The Business of Real Estate 2018 kicked off yesterday on the Gold Coast with real estate professionals and leaders gathering for sessions on delivering superior customer experiences to savvy consumers. Here are the top takeaways from Day One.
Does your team actually know the difference between customer service and customer experience?
If they don’t, you need to address that. You need to work out who your customer is and what they want, really drill down to it. Kylie Walsh of Di Jones says the agency is focusing on delivering four things in all aspects of their business – relevance, reliability, responsivity and convenience. Every touch point is the chance for a wow moment – you need to create that rhythm in every detail. Di Jones’ research shows that clients want same-day responses, or they’ll start thinking negatively about your business. Kylie also recommended everyone do their Net Promoter Score if they haven’t already, to work out what their business needs to improve on.
Be quick, be right, be personable
An overwhelming theme of Day One of The Business of Real Estate was that every office needs someone who is solely focused on customer experience. Kingston Lane CEO Sharran Srivatsaa uses secret shoppers to track the experience his office is delivering to clients. Agents operate behind closed doors; it isn’t actually possible for leaders to know the experience they’re delivering. By making your team aware that they’re being tracked on customer experience, you’re going to keep it at the forefront of their mind.
Change the way you look at community
Megan Jaffe of Ray White Remuera says community isn’t just about the people in your town. She says her team have embraced a global community – finding people around the world who are of the same mind and want to do things better. But Megan’s other key takeaway was that you and your team need to work with your local community and give back because it’s the right thing to do, it’s your responsibility to them, not because you’re going to get something out of it. You need to be an anchor for your community because it’s a hard world to tackle alone.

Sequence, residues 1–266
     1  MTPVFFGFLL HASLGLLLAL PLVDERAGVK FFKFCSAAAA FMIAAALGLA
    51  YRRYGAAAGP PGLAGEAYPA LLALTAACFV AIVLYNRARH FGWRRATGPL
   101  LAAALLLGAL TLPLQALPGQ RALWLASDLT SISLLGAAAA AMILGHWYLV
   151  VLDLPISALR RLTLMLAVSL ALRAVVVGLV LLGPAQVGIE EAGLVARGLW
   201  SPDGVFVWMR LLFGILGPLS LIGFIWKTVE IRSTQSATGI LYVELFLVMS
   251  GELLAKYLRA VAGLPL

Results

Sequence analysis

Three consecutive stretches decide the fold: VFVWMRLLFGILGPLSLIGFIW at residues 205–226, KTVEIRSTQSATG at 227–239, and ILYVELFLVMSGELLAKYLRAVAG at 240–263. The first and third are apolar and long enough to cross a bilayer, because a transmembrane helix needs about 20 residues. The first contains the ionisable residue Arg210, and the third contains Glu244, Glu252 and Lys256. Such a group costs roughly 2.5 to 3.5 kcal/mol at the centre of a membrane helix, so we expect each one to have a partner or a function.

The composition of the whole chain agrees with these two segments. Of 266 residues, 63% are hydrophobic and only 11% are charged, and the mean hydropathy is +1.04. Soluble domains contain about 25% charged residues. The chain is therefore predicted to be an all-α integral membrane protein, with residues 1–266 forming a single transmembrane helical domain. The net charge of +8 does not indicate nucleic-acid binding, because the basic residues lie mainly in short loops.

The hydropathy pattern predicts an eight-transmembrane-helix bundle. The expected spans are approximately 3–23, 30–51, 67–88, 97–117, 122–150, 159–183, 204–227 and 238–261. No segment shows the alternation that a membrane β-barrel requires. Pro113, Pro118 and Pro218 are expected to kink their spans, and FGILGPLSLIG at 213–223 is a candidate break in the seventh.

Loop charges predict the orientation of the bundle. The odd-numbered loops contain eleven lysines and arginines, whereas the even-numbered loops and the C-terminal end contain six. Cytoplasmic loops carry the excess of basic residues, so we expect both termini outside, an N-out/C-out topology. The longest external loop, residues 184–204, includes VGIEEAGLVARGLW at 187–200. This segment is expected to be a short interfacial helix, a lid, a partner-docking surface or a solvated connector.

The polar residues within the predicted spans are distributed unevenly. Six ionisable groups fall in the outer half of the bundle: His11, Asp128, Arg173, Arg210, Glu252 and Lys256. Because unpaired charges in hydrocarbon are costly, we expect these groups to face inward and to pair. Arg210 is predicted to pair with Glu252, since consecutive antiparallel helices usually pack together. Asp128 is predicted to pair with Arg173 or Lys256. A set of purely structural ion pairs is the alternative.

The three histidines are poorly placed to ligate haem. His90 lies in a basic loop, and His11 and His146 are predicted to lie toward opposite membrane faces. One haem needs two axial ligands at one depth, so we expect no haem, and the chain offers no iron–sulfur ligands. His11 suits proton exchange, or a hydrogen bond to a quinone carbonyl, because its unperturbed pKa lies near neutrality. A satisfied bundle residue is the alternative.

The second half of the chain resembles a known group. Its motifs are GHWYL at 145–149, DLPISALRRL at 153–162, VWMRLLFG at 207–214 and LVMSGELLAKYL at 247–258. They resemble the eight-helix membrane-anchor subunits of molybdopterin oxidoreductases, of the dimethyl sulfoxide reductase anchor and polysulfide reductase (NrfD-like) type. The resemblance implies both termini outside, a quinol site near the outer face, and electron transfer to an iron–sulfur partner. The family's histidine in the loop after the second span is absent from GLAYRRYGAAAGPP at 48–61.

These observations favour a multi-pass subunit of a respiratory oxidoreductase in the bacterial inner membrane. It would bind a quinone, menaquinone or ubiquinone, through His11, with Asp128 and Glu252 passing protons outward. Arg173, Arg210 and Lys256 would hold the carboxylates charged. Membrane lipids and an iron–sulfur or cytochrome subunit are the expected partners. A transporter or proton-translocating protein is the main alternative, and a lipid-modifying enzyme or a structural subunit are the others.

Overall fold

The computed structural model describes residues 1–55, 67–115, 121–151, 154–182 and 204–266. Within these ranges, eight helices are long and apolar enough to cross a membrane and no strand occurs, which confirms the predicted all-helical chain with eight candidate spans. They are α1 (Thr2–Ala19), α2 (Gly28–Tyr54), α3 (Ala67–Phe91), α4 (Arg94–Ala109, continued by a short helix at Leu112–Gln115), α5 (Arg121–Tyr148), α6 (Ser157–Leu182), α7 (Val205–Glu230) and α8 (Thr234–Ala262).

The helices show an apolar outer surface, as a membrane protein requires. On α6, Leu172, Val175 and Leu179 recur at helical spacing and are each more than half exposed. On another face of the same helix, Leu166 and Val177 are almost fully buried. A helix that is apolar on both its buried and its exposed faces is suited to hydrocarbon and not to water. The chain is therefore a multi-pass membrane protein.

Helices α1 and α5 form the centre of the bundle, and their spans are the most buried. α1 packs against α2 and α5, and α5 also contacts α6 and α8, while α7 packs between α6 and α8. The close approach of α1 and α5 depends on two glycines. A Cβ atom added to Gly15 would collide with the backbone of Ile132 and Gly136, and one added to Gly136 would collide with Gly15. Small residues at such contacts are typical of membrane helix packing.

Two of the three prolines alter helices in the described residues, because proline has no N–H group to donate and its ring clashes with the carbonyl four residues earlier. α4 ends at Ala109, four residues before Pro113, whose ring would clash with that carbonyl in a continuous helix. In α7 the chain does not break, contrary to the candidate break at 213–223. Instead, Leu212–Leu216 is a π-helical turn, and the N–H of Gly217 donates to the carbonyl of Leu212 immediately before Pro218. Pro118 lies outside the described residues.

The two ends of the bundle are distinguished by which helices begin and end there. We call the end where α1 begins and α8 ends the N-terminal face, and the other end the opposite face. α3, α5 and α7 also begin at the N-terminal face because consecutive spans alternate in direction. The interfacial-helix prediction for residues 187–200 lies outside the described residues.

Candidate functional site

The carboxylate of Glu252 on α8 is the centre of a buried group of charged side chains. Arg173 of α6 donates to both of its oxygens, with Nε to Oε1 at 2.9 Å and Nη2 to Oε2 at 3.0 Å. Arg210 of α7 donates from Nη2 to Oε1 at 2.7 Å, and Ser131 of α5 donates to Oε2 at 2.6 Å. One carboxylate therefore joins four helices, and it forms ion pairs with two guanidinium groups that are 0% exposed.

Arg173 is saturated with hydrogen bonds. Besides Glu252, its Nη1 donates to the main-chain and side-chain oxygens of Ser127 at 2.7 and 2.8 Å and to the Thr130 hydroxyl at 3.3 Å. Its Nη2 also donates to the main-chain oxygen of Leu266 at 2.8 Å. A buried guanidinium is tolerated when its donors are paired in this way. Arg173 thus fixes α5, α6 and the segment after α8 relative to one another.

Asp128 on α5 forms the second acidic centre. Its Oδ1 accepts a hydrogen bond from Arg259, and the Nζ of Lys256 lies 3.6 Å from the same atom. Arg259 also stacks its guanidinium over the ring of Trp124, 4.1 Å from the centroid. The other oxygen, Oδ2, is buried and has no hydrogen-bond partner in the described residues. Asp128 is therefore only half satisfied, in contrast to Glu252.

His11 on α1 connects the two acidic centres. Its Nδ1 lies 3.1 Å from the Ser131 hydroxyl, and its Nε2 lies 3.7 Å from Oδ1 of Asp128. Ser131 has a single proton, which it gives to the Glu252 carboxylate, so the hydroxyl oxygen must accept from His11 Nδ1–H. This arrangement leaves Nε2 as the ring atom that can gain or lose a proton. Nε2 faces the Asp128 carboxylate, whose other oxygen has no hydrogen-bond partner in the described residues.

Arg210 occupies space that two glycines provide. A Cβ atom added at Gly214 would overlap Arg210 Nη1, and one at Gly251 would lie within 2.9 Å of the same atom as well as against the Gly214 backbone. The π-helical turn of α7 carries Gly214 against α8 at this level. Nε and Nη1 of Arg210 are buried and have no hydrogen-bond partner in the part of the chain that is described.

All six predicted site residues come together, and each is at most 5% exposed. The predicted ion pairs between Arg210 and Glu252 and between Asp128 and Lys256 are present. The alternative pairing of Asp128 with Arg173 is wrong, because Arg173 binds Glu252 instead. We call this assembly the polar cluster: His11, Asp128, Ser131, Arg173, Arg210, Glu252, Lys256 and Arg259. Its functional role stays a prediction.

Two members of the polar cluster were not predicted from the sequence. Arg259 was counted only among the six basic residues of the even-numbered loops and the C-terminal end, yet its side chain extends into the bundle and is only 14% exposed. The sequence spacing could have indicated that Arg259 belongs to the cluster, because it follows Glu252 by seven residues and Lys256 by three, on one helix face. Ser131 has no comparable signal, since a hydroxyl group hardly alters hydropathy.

Leaders have the biggest impact on the business – which is why you need to ensure you’re delivering
Leadership impact is massive, perhaps even bigger than you thought it would be. The man behind The Business of Real Estate, Michael Sheargold, spoke of how leadership impacts results in a 70 per cent improvement in team engagement and 48 per cent higher growth. Of course, that’s only if you’re doing it right.
Life in the attention economy
Time and mental capacity are the scarcest resources of all. We’re now living in the attention economy, where customers pay you with attention, says REA Group Senior Manager – Platform & Product Architecture Steve Caddy. Your advantage in the attention economy is in providing guidance and emotional safety. Vendors and buyers have more information than ever, but they need help with what it means. All data needs interpretation. Bring insights to the data.
The ‘daisy chain of wow’
“Showcase the complexity, deliver the simplicity,” said Kingston Lane CEO Sharran Srivatsaa. People don’t argue over doctors’ fees, because when you see a doctor they tell you what they’re going to do and it sounds hard. You couldn’t do it yourself, so you pay them to do it. Agents need to start doing the same – explain the complexities of the process, but impress on the client how easy you make it for them. That’s why they need you. How you sell is just an example of how you solve, and a series of wow experiences is what gets you clients for life.